I am heartbroken. Heartbreak begins the moment we are born and are severed from our mothers. It is the moment we are asked to let go but cannot. It colors, and inhabits, and magnifies each and every day.

We can see it not as the end of the road or the cessation of hope but as the close embrace of the essence of what we have wanted or are about to lose. Heartbreak is an opening to what we love and have loved, an inescapable and often beautiful question of someone who has been with us all along, asking us to be ready for the ultimate letting go.

David Whyte, Consolations

Oh, how will I ever return to joy in the awakening of your absence? For twenty years, since your father’s leaving, I’ve made it my daily practice to capture joy by cheering you on through home plate, recording your music recitals, and baking it into buttery Christmas toffee. Joy is a measure of our relationship to death and our living with the darkness, my old friend. Joy is a practice of selfless generosity, a deep form of love. It is the raw engagement with the seasonality of existence, the fleeting presence of those we love, understood as gift. It is the beautiful frontier between loving presence and a new expanding absence going in and out of our lives; faces, voices, music, the weight of a child in your lap with a book, the aromas of the sea air on a summer’s first day, or a wood fire on a long winter’s night, or the felling of a Christmas spruce on a snowy field, or the taste of amber maple syrup dripping over warm apple pancakes on your tongue. I miss this all with you. I miss you feeling all of this in your life. In our life. I miss feeling the joy and seeing the joy flow out through you. I remember the joy and I miss you. Miss you. Miss you.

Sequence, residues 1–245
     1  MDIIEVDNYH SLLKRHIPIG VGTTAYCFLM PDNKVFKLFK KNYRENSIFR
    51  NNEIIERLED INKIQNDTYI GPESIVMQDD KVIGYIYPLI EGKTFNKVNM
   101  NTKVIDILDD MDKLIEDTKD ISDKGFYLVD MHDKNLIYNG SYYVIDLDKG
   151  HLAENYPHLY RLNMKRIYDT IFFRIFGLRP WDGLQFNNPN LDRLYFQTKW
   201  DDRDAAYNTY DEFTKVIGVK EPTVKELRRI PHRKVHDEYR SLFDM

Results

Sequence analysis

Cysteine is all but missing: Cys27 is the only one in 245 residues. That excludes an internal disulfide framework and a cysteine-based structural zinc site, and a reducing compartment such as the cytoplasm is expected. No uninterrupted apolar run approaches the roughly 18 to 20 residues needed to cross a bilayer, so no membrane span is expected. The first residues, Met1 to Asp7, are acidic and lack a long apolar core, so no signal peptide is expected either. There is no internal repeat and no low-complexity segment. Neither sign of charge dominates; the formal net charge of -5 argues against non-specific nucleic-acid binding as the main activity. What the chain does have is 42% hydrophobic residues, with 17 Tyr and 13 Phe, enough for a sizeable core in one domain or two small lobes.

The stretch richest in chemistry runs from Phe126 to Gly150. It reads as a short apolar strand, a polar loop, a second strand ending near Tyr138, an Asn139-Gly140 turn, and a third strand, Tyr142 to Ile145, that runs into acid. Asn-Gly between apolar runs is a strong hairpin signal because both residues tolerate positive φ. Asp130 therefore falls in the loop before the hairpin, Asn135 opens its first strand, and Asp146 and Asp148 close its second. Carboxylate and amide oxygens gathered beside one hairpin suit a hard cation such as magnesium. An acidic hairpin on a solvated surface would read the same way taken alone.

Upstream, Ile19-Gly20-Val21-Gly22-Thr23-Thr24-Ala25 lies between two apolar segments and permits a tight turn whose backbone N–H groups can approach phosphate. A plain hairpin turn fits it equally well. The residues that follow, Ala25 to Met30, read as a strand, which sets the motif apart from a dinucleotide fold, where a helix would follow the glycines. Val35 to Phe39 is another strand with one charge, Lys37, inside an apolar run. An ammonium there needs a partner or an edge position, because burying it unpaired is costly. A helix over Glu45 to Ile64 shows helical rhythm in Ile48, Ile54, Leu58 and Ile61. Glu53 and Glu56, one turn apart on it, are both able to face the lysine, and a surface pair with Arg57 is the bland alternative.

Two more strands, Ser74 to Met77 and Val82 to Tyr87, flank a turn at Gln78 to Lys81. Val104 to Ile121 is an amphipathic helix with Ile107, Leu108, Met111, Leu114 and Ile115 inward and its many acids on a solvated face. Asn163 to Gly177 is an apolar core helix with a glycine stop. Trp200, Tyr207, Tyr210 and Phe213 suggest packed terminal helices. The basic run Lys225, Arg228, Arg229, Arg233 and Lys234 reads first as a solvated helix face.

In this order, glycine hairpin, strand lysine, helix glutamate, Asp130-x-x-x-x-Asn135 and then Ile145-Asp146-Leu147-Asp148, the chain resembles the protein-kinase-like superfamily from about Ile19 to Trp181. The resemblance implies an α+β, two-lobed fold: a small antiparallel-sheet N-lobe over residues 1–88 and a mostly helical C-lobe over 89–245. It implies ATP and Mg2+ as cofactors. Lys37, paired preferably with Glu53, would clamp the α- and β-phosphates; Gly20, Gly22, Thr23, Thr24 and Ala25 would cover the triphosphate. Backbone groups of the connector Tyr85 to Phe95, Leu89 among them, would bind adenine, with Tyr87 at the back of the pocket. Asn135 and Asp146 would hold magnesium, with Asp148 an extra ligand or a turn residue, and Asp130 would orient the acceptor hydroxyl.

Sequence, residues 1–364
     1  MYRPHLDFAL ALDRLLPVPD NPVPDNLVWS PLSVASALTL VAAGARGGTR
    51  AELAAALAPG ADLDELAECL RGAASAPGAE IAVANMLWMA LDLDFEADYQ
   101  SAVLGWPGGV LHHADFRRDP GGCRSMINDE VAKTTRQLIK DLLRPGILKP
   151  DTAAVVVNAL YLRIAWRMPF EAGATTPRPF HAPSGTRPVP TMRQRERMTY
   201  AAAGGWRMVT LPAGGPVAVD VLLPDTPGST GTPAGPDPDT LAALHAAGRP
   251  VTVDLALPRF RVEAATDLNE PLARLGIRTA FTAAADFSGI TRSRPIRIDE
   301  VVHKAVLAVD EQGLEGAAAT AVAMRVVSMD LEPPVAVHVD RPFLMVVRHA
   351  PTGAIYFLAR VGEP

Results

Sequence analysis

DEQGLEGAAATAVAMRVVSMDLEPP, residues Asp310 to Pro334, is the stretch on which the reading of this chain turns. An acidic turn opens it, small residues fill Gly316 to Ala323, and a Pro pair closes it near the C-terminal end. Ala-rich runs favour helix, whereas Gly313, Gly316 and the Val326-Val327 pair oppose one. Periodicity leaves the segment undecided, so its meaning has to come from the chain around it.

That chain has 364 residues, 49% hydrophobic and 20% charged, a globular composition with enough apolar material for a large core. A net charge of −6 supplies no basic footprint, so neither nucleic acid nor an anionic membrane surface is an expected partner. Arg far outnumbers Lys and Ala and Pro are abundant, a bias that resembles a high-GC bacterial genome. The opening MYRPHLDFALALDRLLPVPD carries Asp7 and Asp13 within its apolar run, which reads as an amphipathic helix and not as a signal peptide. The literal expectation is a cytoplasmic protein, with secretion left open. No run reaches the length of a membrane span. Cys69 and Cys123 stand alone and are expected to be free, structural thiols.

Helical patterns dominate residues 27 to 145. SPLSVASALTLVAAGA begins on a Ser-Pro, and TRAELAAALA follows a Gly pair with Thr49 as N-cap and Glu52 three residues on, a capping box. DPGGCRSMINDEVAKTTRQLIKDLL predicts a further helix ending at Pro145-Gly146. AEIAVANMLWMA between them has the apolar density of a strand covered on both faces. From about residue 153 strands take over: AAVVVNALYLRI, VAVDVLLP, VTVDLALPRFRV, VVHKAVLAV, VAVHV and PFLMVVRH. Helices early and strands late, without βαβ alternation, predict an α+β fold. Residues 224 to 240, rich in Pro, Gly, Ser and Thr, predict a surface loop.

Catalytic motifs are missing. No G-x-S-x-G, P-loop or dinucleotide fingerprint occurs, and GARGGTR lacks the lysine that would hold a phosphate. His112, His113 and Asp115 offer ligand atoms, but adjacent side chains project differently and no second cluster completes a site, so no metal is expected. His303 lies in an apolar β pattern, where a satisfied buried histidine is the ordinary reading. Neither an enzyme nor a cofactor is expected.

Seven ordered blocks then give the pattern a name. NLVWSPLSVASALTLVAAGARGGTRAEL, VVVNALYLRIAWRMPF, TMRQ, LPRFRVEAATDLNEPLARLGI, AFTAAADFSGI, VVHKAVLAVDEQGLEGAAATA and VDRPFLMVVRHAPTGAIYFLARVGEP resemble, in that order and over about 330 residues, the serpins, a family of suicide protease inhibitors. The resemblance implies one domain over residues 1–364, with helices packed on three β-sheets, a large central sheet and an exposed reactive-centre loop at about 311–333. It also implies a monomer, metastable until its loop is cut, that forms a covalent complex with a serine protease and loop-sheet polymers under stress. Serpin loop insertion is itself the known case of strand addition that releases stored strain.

“Seized” — December 17, 2019

© Deborah Garcia 2020, All rights reserved